I have read these questions:

Hot air balloon trajectory predictions

Do atmospheric physics prevent hot air balloons from ascending over 60,000ft?

What is precisely the reason that a helium balloon ascends?

I have read that hot air balloons can just fly 11 miles up, while helium ones can go much higher.

I do not know whether hot air rises, as long as there is atmosphere.

Helium is one of the lightest gases, so it rises too.

The density for air is : 1.29 kg/m3

The density for helium is : 0.178 kg/m3

I have found a calculator for hot air density.


It says that the density of hot air reaches the density of helium at 1700C.

None of these questions said why hot air balloons can't fly higher then 11 miles.


  1. Why can't hot air balloons fly higher then helium balloons?
  • $\begingroup$ I'm guessing if you put the actual numbers for the density of hot air balloons (which btw are no where near 1700C) you can find where they land on the density of air vs height $\endgroup$
    – KF Gauss
    Commented Jul 8, 2018 at 23:04
  • 4
    $\begingroup$ Nylon ignites at 400C. Steel melts at 1510C. Heating your hot-air balloon to 1700C is a really, really, bad idea. $\endgroup$ Commented Jul 9, 2018 at 0:47
  • 2
    $\begingroup$ @PeterShor: As the Fifth Dimension sang: "Up, up and away in my red-hot vanadium balloon" $\endgroup$ Commented Jul 19, 2018 at 15:06

1 Answer 1


Although it is pretty obvious that helium balloons should be able to rise higher than hot air balloons due to much lower molecular weight of helium vs air, it could be still informative to look at how they rise and why they stop rising.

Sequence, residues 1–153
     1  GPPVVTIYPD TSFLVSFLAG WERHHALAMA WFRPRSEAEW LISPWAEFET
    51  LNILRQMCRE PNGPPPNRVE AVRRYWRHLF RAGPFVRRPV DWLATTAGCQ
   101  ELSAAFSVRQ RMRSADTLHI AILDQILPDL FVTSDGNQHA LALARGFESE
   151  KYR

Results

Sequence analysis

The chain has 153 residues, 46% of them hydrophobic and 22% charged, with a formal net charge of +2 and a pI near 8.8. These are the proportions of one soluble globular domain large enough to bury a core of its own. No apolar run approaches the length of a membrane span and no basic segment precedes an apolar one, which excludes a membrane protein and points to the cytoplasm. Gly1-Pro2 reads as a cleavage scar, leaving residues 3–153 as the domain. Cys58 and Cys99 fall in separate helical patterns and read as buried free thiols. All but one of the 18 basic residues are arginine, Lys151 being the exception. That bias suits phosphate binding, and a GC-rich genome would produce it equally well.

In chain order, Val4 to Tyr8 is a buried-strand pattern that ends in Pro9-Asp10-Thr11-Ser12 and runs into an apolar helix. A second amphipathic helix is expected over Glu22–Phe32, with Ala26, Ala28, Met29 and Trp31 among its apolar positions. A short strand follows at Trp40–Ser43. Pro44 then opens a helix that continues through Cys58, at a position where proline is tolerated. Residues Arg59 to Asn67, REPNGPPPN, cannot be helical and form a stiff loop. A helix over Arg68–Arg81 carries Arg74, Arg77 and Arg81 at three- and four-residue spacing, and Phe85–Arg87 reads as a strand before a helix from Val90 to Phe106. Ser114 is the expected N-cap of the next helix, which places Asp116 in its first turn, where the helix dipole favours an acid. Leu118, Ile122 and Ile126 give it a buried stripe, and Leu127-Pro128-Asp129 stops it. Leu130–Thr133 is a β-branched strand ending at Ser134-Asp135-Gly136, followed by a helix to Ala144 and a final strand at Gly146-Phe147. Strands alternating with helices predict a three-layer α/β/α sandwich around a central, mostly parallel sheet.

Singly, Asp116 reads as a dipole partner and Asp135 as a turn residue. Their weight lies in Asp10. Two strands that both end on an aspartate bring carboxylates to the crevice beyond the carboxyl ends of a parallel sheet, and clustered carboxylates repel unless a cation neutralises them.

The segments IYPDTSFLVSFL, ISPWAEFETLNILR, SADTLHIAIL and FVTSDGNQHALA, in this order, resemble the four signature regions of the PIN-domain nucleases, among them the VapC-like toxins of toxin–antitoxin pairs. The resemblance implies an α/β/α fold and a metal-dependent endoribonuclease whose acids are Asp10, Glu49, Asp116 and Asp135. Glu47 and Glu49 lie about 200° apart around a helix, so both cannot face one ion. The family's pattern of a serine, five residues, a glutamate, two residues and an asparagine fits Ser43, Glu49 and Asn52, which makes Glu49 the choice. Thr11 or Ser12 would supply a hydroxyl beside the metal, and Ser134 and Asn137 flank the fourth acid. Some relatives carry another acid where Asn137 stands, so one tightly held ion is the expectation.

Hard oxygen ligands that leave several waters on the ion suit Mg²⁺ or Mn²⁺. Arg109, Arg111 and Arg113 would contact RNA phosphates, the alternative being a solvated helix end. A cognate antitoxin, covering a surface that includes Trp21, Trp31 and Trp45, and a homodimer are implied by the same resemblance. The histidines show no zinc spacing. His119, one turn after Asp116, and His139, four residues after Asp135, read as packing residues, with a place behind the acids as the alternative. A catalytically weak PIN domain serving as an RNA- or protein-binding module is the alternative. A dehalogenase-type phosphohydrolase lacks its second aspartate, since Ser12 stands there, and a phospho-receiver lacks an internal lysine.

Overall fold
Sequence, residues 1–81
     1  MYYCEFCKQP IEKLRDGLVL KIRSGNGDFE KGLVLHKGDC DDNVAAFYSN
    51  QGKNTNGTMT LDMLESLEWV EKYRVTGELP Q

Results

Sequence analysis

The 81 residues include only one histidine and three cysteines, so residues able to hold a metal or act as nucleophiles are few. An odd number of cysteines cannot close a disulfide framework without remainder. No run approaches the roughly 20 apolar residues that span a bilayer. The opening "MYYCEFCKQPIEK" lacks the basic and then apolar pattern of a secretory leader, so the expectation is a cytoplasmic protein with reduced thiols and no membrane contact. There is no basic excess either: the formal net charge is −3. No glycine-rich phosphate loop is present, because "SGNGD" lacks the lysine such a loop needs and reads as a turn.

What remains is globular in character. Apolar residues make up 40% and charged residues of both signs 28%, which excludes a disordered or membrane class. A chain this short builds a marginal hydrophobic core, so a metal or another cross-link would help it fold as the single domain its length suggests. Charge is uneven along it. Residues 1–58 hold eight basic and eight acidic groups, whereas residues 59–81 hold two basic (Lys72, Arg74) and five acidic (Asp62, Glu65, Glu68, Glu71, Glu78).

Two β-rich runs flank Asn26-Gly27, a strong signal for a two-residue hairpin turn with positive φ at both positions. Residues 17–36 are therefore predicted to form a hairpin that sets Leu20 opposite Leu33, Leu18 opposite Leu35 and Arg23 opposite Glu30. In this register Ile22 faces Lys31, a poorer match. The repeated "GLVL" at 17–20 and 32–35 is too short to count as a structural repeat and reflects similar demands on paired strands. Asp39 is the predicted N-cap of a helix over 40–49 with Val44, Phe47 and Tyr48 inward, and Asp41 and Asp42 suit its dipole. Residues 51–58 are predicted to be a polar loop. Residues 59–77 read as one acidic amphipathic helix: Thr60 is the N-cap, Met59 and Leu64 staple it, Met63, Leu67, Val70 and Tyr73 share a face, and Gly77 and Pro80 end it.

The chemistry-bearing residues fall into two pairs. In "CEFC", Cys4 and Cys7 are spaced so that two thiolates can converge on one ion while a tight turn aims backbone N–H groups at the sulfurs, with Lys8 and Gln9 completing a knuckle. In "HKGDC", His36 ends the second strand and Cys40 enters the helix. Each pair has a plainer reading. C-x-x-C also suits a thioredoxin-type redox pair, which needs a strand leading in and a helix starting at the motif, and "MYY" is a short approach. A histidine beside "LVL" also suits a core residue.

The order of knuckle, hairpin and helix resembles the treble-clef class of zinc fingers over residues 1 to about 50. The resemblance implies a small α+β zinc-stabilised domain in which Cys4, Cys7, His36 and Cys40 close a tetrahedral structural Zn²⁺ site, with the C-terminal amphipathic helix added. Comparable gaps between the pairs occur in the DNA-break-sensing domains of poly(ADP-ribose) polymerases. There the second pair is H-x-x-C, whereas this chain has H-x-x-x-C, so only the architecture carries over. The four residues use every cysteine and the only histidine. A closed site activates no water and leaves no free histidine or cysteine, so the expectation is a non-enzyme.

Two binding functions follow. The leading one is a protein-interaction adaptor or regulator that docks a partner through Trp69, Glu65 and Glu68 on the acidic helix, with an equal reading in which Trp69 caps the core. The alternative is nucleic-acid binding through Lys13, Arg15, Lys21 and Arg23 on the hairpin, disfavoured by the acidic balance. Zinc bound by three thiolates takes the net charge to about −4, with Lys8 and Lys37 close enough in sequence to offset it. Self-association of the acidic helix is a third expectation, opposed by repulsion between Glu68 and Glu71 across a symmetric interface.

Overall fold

Both helium and hot air balloons rise because the lifting force, equal to the weight of air displaced by a balloon, exceeds the weight of the balloon (including the gas, helium or hot air, inside the balloon).

Both helium and hot air balloons stop rising because the density of air is decreasing with altitude and, with it, the lifting force. This is not the case with water, which has practically the same density at different depth levels and therefore keeps pushing objects less dense than water all the way up to the surface.

For helium balloons, this drop in density with altitude is partially compensated by the expansion of their volume, but still, at some altitude the weight will exceed the lifting force.

For hot air balloons the drop in density could be partially compensated by expelling more and more air, which could be achieved by raising the temperature in the balloon to progressively higher levels. But, again, at some point the weight of the balloon will exceed the lifting force.

So, even if the weight of the gas inside a balloon was zero, there would be a limit due to the finite weight of the balloon itself and the payload. This limit is lower for hot air balloons because they tend to weigh more and because, at any given pressure level, the density of helium will be lower than the density of hot air (for any practical temperature) and therefore helium balloons will have a greater lifting force for the same volume ($(\rho_{out}-\rho_{in})\times V$).

  • $\begingroup$ even if the weight of the gas inside a balloon was zero Like for en.m.wikipedia.org/wiki/Vacuum_airship $\endgroup$
    – CriglCragl
    Commented Jul 19, 2018 at 13:03
  • $\begingroup$ @CriglCragl Looks like it has best performance in fiction. $\endgroup$
    – V.F.
    Commented Jul 19, 2018 at 14:19
  • $\begingroup$ If you replace a mole of air with a mole of helium, you get about 12gm of lift not matter what altitude you’re at. The issue is how far an equal-pressure balloon can expand before it can no longer contain the volume of gas. $\endgroup$ Commented May 30, 2019 at 23:36
  • $\begingroup$ now if you combine the two and make a hot helium ship (filled with not just regular helium, but really hot helium) then you'd get a tiny bit more lift. Maybe almost enough to offset the cost of heating elements and power source... just maybe. $\endgroup$
    – Emre
    Commented Jan 12, 2022 at 15:04

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